Line installers and repairers, also known as line workers, install or repair electrical power systems and telecommunications cables, including fiber optics.
Line workers encounter serious hazards on the job, including working with high-voltage electricity, often at great heights. The work also can be physically demanding. Although most work full time during regular business hours, some work irregular hours on evenings, nights, weekends, and holidays when needed.
How to Become a Line Installer or Repairer
To become proficient, most line installers and repairers require technical instruction and long-term on-the-job training. Apprenticeships are common.
Employment of line installers and repairers is projected to grow 6 percent from 2014 to 2024, about as fast as the average for all occupations. Job opportunities should be best for those with good technical and mechanical skills. Those looking to become electric power-line installers should have the best job prospects.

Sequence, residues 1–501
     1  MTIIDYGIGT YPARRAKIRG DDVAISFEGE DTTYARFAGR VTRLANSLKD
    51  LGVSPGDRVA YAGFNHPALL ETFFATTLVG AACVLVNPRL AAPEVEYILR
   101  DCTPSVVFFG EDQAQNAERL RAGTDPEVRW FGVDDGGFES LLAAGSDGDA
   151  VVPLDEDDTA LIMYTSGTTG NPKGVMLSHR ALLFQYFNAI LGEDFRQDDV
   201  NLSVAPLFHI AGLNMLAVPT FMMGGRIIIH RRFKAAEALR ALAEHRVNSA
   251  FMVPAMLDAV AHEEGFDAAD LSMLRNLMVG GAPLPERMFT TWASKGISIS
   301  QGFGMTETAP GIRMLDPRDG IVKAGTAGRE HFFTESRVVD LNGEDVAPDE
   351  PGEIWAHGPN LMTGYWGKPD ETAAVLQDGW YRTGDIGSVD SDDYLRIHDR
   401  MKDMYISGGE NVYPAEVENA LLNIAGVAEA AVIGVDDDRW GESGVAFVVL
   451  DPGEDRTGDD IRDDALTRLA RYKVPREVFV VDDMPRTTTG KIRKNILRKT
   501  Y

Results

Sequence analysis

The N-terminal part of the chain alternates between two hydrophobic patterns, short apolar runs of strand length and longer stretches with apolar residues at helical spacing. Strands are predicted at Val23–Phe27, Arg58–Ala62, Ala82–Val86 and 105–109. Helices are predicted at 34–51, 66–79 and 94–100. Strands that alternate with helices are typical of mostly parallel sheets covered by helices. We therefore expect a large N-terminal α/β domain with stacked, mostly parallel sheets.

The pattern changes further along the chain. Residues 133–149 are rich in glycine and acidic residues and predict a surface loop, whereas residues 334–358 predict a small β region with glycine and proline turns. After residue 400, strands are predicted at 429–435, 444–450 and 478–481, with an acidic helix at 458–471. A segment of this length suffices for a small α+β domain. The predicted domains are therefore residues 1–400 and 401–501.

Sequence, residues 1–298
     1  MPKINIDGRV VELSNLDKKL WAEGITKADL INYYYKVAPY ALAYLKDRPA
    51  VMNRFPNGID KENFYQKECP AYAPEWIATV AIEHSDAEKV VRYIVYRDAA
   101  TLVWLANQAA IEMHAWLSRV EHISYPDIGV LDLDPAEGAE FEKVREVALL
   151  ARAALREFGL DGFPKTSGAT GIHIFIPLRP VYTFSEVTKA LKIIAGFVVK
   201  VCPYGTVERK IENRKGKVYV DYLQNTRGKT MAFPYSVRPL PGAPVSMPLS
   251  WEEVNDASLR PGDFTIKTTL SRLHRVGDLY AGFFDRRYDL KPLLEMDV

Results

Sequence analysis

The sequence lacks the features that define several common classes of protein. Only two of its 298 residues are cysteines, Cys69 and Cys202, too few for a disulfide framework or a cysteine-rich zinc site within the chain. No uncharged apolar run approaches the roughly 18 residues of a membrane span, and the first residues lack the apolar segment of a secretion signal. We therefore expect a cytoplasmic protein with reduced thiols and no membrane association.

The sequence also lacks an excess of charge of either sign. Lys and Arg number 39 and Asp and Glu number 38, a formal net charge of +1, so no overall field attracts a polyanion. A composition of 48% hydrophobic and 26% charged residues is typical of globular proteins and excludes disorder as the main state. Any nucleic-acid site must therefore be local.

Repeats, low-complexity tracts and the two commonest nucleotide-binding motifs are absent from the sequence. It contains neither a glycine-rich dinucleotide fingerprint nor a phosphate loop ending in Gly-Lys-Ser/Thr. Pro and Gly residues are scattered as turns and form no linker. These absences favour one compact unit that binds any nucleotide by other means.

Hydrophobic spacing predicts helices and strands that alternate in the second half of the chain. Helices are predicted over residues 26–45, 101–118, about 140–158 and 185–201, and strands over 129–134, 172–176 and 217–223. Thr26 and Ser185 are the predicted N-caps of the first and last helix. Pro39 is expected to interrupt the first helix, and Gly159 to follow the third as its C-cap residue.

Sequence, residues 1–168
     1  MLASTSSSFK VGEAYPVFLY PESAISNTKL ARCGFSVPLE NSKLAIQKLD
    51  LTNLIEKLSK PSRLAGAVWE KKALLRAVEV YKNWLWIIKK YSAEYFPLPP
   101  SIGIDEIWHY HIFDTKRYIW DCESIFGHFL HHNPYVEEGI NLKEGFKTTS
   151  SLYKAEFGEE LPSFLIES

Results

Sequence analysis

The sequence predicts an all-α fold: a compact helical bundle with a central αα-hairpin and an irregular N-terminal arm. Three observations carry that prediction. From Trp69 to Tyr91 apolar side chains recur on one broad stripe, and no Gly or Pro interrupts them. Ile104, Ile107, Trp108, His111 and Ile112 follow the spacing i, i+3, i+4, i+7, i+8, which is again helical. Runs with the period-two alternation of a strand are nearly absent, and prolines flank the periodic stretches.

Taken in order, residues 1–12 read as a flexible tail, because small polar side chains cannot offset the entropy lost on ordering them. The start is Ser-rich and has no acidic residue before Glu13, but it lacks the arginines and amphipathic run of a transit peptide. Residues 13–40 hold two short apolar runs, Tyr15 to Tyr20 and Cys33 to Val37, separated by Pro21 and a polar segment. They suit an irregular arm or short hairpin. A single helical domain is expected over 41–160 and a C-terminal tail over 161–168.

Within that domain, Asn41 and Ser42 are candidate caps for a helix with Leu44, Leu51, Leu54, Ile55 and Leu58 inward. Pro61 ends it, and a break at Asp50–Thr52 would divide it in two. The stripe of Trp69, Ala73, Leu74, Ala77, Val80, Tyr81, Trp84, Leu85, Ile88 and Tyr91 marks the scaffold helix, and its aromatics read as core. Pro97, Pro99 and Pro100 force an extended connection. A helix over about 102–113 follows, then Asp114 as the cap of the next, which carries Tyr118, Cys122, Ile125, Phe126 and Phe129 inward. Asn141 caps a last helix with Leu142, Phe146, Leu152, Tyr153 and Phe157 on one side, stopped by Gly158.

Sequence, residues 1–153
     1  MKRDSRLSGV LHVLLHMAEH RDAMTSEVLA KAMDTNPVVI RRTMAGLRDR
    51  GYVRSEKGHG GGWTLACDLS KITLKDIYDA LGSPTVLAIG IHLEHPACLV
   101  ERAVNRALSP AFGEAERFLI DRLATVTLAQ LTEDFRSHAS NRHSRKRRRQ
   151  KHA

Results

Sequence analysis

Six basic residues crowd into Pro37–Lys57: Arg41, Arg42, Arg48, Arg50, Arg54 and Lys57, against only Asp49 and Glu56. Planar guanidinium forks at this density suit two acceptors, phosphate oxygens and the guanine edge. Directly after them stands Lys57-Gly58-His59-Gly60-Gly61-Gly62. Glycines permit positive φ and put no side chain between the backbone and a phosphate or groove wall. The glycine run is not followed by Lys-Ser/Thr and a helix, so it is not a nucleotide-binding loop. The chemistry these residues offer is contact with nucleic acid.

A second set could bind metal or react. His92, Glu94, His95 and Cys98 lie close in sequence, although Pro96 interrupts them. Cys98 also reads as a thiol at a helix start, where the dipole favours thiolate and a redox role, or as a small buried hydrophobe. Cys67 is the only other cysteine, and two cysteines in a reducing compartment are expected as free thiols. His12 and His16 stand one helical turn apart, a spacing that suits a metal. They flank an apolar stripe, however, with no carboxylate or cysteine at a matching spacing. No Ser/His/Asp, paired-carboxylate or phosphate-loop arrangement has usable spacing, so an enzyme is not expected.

This occupation supported 249,400 jobs in 2012 and 236,600 jobs in 2014, reflecting a decline of 5.1%. In 2012, this occupation was projected to increase by 7.3% in 2022 to 267,700 jobs. As of 2014, to keep pace with prediction, the expected number of jobs was 253,000, compared with an observed value of 236,600, 6.5% lower than expected. This indicates current employment trends are much worse than the 2012 trend within this occupation. In 2014, this occupation was projected to increase by 5.5% in 2024 to 250,300 jobs. Linear extrapolation of the 2012 projection for 2022 results in an expected number of 271,300 jobs for 2024, 8.4% higher than the 2014 projection for 2024. This indicates expectations for future employment trends are much worse than the 2012 trend within this occupation.